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For the long jump event at my school athletics carnival, people nominate and then get arrange in a certain order. I am looking for a natural way of phrasing a question to get someone to tell me where he fits in that order/sequence. One a native speaker would causually use. For example, if you're person A, and you want to elicit the following response:

  • B: I am the nth jumper, just X more people and it'd be my turn.

I remember asking "Do you know where you are in the jumper order?" which sounds stilted and awkward (and I don't think I am using the word 'order' correctly). How can this question be properly framed? Also, I have looked through questions relating to ordinal numbers on this site, but just about all of them are related to birth order, and doesn't quite answer my query.

marked as duplicate by Jon Purdy, tchrist Aug 27 '17 at 14:19

This question has been asked before and already has an answer. If those answers do not fully address your question, please ask a new question.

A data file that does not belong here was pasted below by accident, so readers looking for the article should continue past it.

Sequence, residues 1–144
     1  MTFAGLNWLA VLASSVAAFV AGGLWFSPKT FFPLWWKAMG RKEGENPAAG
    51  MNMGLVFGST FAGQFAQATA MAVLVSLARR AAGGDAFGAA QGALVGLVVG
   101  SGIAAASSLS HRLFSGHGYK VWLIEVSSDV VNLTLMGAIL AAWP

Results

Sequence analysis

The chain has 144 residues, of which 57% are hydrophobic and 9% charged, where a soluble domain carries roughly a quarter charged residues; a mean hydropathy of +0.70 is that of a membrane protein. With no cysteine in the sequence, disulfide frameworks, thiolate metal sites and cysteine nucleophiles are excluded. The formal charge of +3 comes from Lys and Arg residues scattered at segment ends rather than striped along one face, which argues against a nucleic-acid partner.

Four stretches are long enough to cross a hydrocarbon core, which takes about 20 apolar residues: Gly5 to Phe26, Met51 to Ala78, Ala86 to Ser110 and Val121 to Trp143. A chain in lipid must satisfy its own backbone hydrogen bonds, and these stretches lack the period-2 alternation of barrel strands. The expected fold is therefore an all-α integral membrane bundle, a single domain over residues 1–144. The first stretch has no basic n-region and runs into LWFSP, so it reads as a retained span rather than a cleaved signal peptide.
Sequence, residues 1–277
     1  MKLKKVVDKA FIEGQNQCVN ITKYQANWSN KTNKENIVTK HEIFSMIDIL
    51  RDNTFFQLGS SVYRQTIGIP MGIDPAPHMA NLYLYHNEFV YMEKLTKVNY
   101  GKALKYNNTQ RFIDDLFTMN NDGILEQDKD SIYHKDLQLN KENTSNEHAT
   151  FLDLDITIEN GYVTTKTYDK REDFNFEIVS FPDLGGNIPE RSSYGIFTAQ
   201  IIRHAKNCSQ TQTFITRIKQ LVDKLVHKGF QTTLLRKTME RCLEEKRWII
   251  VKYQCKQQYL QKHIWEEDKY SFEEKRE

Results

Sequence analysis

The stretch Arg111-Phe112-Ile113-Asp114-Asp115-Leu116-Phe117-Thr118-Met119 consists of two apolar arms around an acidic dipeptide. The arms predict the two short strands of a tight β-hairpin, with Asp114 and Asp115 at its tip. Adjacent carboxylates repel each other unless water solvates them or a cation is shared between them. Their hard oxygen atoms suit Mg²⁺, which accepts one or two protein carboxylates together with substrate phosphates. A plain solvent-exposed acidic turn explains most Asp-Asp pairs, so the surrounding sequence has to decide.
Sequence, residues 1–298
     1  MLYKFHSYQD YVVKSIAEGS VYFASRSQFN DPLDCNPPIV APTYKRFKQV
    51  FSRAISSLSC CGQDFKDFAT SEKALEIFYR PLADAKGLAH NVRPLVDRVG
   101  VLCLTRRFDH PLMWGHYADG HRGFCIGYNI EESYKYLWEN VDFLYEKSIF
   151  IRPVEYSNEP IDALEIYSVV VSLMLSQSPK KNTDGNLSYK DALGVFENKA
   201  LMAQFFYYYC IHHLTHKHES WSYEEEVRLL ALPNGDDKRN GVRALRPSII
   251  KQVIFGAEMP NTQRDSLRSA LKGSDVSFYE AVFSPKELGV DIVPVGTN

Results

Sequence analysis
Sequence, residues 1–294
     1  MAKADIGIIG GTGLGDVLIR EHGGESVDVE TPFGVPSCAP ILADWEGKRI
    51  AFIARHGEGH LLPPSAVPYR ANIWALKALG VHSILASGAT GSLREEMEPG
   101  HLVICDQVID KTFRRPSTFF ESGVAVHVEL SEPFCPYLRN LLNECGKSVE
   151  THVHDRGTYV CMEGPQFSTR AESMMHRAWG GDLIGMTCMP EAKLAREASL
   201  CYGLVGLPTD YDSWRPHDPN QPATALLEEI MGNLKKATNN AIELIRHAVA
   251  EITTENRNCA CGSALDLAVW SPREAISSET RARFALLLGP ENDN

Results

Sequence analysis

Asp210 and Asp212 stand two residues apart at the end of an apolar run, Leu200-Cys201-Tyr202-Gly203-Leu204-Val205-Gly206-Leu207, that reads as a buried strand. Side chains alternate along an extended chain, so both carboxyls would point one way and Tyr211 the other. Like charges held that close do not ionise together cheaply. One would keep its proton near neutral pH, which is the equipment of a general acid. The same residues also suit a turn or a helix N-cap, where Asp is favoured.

• Long story short, there isn’t a single question word or standard phrasing for ordinal number questions in English. You can talk around it with things like “What’s your place number in the lineup?” Also see this question: english.stackexchange.com/questions/11481/… – Jon Purdy Aug 27 '17 at 8:47
  • I think that most people would use the position metaphor 'Where did you come in the long jump?' in this particular case. – Edwin Ashworth Aug 27 '17 at 14:31
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I would ask the simple question

What's your position in the jumping event?

This avoids the tricky question

Do you know your position in the jumping event?

which some people might answer with "Yes." Then you don't get the information you want and have to ask another question. On the other hand, if they don't yet know, they can say that.

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